Anticipating a growth in the segment, Fitch Ratings recently launched its methodology for CLOs backed by middle market loans - a product somewhere in between conventional business loan securitizations and commercial loan-backed CLOs.
To date, Fitch has rated four such transactions, said Elizabeth Russotto, an analyst in Fitch's credit products group. The rating agency expects the pace of the product to pick up gradually this year and more so into 2003.
The middle market CLO is a novel concept and, until recently, the smaller regional banks and specialty finance companies that typically extend loans to middle market companies were unable to access the CLO market because the loans they make are smaller in size, not widely syndicated and often extended to privately owned businesses.
This is changing, though, Russotto said, as more specialty finance companies are looking to grow their businesses with cheaper costs of funds in order to become more competitive players.
"A CLO allows specialty finance companies to raise new capital [and] to make loans at lower costs of funding, and it's one way of gaining more leeway," she said. "If they were to raise capital alone on a corporate basis, it would be much costlier."
Stuck in the middle
A middle market company, according to Fitch, is one that has revenues of between $10 million to $400 million, and borrowing needs in the $1 million to $75 million range. Middle market loans can be used for acquisitions, management buyouts, business growth, liquidity and/or recapitalizations.
Given their size, the amount of available sources of credit for middle market businesses is limited. These businesses, which are for the most part privately owned, do not have to publish financial information to the general public and therefore receive little or no research coverage.
Some of the larger banks such as Bank of America have been building up dedicated middle market businesses. But as a result of the ongoing consolidation in the financial services industry, there are fewer lenders who extend credit to these smaller companies.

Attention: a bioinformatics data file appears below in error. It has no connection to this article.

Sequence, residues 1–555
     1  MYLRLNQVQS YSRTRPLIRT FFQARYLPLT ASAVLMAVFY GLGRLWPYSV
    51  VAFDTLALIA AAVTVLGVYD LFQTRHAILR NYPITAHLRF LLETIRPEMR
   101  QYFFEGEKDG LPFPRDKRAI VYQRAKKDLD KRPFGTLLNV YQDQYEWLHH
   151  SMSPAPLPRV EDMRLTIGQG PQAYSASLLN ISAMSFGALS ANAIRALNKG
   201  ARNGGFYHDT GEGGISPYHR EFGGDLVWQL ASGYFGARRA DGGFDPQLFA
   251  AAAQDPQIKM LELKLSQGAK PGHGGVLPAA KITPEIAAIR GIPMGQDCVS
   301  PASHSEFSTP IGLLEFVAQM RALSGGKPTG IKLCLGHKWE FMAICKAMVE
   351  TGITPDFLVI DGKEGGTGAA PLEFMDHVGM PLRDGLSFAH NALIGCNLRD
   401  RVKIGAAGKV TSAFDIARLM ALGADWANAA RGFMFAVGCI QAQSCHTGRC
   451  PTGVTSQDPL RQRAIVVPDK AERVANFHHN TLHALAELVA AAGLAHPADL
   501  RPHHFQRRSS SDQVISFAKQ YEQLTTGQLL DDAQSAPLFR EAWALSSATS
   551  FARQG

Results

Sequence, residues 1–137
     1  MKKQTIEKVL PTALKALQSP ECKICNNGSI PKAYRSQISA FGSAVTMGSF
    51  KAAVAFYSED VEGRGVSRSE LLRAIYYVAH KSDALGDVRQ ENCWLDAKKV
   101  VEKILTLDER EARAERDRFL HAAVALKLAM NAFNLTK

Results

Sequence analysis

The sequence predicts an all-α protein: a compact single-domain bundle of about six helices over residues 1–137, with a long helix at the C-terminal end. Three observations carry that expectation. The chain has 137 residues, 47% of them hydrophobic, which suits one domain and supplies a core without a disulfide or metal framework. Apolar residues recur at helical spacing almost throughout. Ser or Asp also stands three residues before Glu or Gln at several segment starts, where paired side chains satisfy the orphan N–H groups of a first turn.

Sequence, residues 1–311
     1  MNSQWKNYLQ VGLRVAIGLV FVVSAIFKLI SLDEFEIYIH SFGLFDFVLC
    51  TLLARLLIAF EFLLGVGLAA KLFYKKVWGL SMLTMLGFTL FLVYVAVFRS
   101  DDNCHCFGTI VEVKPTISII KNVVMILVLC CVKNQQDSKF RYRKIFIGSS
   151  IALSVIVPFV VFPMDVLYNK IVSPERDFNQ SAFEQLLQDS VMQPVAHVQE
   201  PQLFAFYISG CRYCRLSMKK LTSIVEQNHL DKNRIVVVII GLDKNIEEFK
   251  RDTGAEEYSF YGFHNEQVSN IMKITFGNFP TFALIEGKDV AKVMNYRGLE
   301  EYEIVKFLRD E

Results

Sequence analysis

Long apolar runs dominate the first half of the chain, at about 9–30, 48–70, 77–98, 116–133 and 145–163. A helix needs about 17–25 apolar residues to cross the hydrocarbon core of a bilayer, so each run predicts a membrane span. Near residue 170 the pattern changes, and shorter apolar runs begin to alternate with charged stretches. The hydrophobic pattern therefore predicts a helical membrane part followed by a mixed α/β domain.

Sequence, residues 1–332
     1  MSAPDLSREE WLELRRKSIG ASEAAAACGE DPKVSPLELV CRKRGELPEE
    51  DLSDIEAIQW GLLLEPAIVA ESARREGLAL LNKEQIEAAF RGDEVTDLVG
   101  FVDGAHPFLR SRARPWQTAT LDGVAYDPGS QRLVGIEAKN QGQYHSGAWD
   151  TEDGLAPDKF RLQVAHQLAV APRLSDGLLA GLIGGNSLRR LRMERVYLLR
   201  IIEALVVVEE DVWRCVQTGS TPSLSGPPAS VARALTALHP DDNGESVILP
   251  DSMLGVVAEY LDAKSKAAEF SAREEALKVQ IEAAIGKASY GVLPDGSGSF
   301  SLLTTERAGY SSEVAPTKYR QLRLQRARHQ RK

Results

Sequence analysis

Therefore, the traditional middle market lenders are the specialty firms, which are picking up the slack, and for that, they need additional resources, Russotto said.
Though there is interest in this CLO product, many of the risks associated with middle market loans are different than commercial loans (and more similar to small business loans) - not the least of which is the higher probability of default. This borrower base generally does not typically have a large degree of financial flexibility, and is susceptible to economic conditions, the rating agency said.
As such, a typical middle market loan portfolio will have an approximate weighted average rating of between triple-C and singe-B-minus, with a higher expected cumulative default rate.
It is also difficult to find consistent and accurate historical data for middle market loans, the rating agency said, as most of the borrowers are private companies. Fitch will therefore be using its high yield default matrix as a proxy for the expected default rates of middle market loans. The differing risk profiles of the two asset types, high yield bonds and middle market loans, are taken into account by the lower weighted average portfolio ratings and the higher expected cumulative default rates assigned to middle market loan portfolios.
Conversely, middle market loans often have higher recovery values than high yield bonds, largely because middle market lenders have greater flexibility in covenant negotiations.